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I am implementing a Windows service in C#. This service calls a separate application that launches interactive windows. I have been able to work through the problems imposed by Session 0 Isolation by using the following series of steps:

  1. LogonUser() to get a logon token for the user who will execute the separate application
  2. SetTokenInformation() to transfer the user's logon token into session 1
  3. CreateProcessAsUser() to launch the application in the user's session.

This works; When the service launches the application, I see the application's windows appear in my console session. However, the application's windows have black backgrounds and all of the controls are invisible. If I click in an area where I know there is a button, the window responds, so it is clearly able to receive user input.

Here is (a simplified and stripped down version of) the code I'm using:

IntPtr logonToken;
LogonUser(username, domain, password, LOGON32_LOGON_INTERACTIVE, LOGON32_PROVIDER_DEFAULT, out logonToken);

SetTokenInformation(logonToken, TOKEN_INFORMATION_CLASS.TokenSessionId, sessionIdValuePtr, sessionIdSize);

STARTUPINFO startupinfo = new STARTUPINFO();
startupinfo.cb = Marshal.SizeOf(startupinfo);
startupinfo.lpDesktop = @"winsta0\default";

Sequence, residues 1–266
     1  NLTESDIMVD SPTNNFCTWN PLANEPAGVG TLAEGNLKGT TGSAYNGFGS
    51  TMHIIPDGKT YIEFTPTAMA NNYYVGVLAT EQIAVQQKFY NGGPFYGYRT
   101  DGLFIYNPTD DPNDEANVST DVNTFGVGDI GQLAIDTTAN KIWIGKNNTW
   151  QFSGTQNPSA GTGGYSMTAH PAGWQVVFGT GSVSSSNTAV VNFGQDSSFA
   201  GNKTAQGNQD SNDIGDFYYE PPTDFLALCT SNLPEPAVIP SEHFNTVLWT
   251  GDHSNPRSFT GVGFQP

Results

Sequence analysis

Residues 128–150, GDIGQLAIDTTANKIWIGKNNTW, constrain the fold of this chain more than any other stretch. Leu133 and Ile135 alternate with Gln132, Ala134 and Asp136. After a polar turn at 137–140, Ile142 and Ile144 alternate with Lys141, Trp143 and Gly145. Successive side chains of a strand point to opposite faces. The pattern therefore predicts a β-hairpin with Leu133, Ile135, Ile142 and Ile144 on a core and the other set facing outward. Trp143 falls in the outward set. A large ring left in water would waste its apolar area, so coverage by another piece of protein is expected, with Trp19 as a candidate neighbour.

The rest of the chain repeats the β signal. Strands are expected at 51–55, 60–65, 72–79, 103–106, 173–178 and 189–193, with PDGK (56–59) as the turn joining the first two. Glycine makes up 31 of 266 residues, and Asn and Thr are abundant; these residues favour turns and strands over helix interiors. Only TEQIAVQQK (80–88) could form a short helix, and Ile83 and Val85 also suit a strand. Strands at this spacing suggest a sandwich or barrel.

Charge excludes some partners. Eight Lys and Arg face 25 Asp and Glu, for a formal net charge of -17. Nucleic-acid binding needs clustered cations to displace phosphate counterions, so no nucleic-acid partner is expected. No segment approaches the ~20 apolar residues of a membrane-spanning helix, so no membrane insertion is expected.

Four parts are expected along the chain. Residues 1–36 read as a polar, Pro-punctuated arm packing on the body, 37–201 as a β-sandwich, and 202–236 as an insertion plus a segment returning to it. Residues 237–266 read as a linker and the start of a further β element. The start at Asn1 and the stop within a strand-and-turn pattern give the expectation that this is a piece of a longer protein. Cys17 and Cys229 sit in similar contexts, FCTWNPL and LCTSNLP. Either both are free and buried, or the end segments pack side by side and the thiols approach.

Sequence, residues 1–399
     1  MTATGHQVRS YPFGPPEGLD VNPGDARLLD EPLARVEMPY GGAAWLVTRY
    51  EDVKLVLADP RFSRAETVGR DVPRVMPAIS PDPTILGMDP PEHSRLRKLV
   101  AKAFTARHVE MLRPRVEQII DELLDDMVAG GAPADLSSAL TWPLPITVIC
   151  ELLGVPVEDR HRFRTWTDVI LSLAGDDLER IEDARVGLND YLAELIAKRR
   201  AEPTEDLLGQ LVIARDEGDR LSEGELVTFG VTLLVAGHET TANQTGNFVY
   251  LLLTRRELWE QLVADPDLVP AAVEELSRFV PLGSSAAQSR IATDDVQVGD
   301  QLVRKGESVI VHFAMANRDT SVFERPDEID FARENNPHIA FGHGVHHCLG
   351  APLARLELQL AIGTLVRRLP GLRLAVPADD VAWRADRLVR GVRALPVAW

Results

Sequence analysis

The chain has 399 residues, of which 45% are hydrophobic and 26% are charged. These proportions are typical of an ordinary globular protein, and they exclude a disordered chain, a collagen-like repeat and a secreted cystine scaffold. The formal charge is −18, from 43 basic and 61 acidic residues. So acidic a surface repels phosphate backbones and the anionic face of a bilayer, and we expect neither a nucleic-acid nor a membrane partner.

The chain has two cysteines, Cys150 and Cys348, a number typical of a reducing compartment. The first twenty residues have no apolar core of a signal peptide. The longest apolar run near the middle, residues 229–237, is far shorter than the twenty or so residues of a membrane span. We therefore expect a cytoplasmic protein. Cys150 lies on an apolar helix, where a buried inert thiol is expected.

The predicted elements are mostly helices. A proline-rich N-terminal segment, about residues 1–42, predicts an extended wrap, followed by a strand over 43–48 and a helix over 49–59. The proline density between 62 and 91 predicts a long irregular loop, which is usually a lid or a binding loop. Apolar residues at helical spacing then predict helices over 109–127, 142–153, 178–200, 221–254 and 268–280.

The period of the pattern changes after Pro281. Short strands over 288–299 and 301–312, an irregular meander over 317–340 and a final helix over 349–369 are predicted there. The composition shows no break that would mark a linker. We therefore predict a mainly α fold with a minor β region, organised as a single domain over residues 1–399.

ref processAttributes, 
    ref threadAttributes, 
    ref startupinfo, 
    out processinfo)


I have tried adding code to load the user's profile before calling CreateProcessAsUser, but this did not help.

What could be causing the black backgrounds on my windows, and how should I go about fixing this problem? Any help would be most appreciated.

UPDATE: This appears to be very similar to the problem in this question: CreateProcessAsUser doesn't draw the GUI. He is using XP SP3, and I am having this problem in Windows 7 and Server 2008, meaning that I have the additional problem of dealing with Session 0 Isolation, but the symptoms in the two cases seem similar.

share|improve this question
It's generally a bad idea to launch (or interact) with anything UI related from a windows service. When the actual user running the service isn't logged on your service will crash (hard). –  riffnl Sep 21 '11 at 19:10
I understand the general reasons why one would not want to interact like this, and I agree. In this particular case, however, we are using a legacy application that throws up message boxes in certain rare conditions and we need to be able to gain access to them. I am handling the case when a user is not logged on by creating a WTS session for that user; when he logs on, he will see the message. –  Dave C Sep 21 '11 at 19:18
possible duplicate of CreateProcessAsUser doesn't draw the GUI –  Hans Passant Sep 21 '11 at 20:18
Why not create a separate application that shares with the Service, a common data source (file, MSMQ, DB) for the messages. –  Conrad Frix Sep 21 '11 at 21:23
@HansPassant: I had not seen that post before. The user is using XP SP3, however, and I'm using Win7/W2K8, and they're rather different in regards to session isolation. Thanks for the catch, though :) –  Dave C Sep 22 '11 at 12:28

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